Matt Roush: This is very much the vision of the show's ambitious creator/producer, Misha Green, and the shifting of tone and genre within the framework of a supernatural horror series is absolutely intentional. How successful this is will be, as usual, in the eye of the beholder. Many have championed Lovecraft Country for its bold mash-ups, and there's no question the show is sumptuously produced and well acted — especially by Jurnee Smollett (Letitia) and, in the most recent episode, Wunmi Mosaku as her sister in that gruesomely fascinating shape-and-race-shifting storyline. I'm not as enthralled with the overarching A-story of Tic's (Jonathan Majors) mysterious birthright or whatever, in part because it has been obscured by the show seemingly reinventing itself every week. Still, it couldn't be more timely and is, as Rob said, enjoyable to watch. I'm very curious how many more genres we'll experience before the end of the season.
A Different Sort of Emmy Prediction
Question: Awards ceremony ratings have been low in general over the years. But do you think it's safe to predict we'll see the lowest ratings ever for Sunday night's Emmy Awards because of COVID precautions, or do you think we're all starved for anything on network TV that isn't a rerun? — Paul L
Matt Roush: It won't set records, that's for sure, except maybe for a low. Ratings for awards shows in general have slipped in recent years, and for the Emmys in particular — perhaps because, as many of my readers point out repeatedly, of the disconnect of a TV awards show on network TV that barely mentions any shows on actual network TV. Which doesn't mean the Emmys will migrate to cable or streaming anytime soon. But anticipating the ratings may be the hardest of all Emmy predictions to make. (For my own predictions of the various categories, start here.)
In making my rounds of the various radio stations I talk to across the country, I sense an overall apathy about this year's awards. (Most are surprised to hear it was still happening.) Curiosity over the bizarre circumstances of this year's ceremony may attract, but also repel, viewers, and the appetite for anything new could be a boon. But there's also the return of sports draws like Sunday Night Football to factor into the equation. I know I'll be watching and rooting for my favorites at the Emmys, but it certainly won't feel like business as usual.
One Way to Keep Survivor on the Air
Question: With Survivor still unable to continue filming in Fiji, why doesn't CBS purchase the rights to show Australian Survivor in the U.S.? At the very least the international versions of CBS reality shows could add content to All Access, but it seems like international reality TV could be a very easy sell in these content-sparse times. — Darren
Matt Roush: Not a bad idea, and if the situation continues into the new year as many expect and CBS is facing an even longer hiatus for its signature reality show — I don't count Big Brother or Love Island, or even really consider them TV — maybe they'll go there. The networks have looked abroad to import some series with an international flavor to fill holes in the schedule, and they could do worse than show the American audience how the game is played elsewhere.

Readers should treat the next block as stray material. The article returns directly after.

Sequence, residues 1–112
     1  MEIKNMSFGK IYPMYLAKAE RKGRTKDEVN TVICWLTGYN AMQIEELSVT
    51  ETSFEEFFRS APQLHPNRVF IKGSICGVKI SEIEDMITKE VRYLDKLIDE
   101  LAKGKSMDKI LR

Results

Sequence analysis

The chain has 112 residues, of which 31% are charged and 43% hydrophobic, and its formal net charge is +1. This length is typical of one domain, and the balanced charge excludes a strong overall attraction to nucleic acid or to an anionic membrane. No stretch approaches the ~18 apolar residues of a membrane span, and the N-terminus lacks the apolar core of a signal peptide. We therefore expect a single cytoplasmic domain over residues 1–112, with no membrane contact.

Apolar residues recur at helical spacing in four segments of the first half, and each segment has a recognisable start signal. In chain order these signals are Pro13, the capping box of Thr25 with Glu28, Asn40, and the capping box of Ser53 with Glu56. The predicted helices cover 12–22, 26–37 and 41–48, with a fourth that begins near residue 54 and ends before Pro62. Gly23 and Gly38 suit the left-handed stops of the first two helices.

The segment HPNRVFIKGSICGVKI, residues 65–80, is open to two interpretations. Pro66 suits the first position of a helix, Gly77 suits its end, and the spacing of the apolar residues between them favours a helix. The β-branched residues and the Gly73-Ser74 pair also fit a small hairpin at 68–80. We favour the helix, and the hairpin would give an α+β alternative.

And Finally …
Question: I just watched the Sept. 15 (Tuesday) episode of Jeopardy! and wondered about the result of the "Final Jeopardy" round. "Who is Berry Gordy?" was the correct response to the clue, and one of the contestants knew the answer, but spelled it "Barry Gordy" with an A. Based on this, Alex Trebek deemed the answer to be incorrect. Obviously, I don't remember the result of every episode, but I am pretty sure there were "Final Jeopardy" answers spelled incorrectly before that were accepted. So why wouldn't they have given it to her this time? She obviously knew the answer and was even the only contestant who was able to come up with anything. If that same clue had occurred in any other round except final, she would have responded verbally and been credited with the correct response instead of having to spell it. Therefore, it seems like they should have just given it to her. (I knew it when the clue came up but wouldn't have been sure about one vowel either.) Of course, it didn't really matter because she was in third place anyway entering the final and would never have won, because he returning champion had too much money and was unbeatable. But, still. Denying her the correct response felt like a nitpick. So...why? — Jake
Matt Roush: How I love obsessing on my favorite quiz show of all time. I had the same reaction: Why dock her for spelling? They typically don't, and she couldn't have won anyhow, so it wouldn't have affected the outcome. There's an argument, I suppose, that "Berry" and "Barry" are actually different names, but it's really splitting hairs — and if she had just done the appropriate thing if she didn't know the spelling and just put "Gordy" as the answer, she'd have gotten it right. (And if this had been a spoken question, as Jake said, it wouldn't even be an issue.) The real point, though, is that it's a matter of pride to be the only person to get "Final Jeopardy" right, even if you lose the game. This felt petty, and I hope they apologized to her somehow afterward.
That's all for now. Thanks as always for reading, and remember that I can't do this without your participation, so please keep sending questions and comments about TV to [email protected] or shoot me a line on Twitter (@TVGMMattRoush), and you can also submit questions via the handy form below. Please include a first name with your question.